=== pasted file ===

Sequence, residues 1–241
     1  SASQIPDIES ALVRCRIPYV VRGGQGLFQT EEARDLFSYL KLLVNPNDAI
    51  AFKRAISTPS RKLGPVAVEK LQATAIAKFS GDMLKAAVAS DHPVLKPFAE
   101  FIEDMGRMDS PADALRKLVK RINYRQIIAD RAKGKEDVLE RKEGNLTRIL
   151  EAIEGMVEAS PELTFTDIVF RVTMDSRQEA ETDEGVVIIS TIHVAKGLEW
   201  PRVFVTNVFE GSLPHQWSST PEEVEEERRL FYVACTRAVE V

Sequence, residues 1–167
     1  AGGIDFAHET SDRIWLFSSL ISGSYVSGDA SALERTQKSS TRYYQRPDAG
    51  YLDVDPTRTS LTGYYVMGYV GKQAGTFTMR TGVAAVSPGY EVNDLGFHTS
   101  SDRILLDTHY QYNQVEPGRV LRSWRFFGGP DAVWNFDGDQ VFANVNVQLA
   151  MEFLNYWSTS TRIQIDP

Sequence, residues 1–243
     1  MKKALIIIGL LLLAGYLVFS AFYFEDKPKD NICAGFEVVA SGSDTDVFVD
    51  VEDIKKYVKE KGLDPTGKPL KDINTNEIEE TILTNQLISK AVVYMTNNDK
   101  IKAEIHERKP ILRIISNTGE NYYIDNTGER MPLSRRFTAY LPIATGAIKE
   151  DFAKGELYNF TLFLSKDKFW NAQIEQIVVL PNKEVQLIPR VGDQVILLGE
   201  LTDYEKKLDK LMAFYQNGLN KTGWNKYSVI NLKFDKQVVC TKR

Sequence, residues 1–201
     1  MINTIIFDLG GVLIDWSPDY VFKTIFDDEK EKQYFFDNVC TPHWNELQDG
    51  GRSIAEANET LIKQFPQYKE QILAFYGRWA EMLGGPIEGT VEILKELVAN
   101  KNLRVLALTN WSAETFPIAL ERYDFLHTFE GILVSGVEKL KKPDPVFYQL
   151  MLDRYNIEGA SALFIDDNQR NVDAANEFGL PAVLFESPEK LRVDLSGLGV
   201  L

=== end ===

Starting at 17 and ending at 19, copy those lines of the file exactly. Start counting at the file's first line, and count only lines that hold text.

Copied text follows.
   201  LTDYEKKLDK LMAFYQNGLN KTGWNKYSVI NLKFDKQVVC TKR

Sequence, residues 1–201
     1  MINTIIFDLG GVLIDWSPDY VFKTIFDDEK EKQYFFDNVC TPHWNELQDG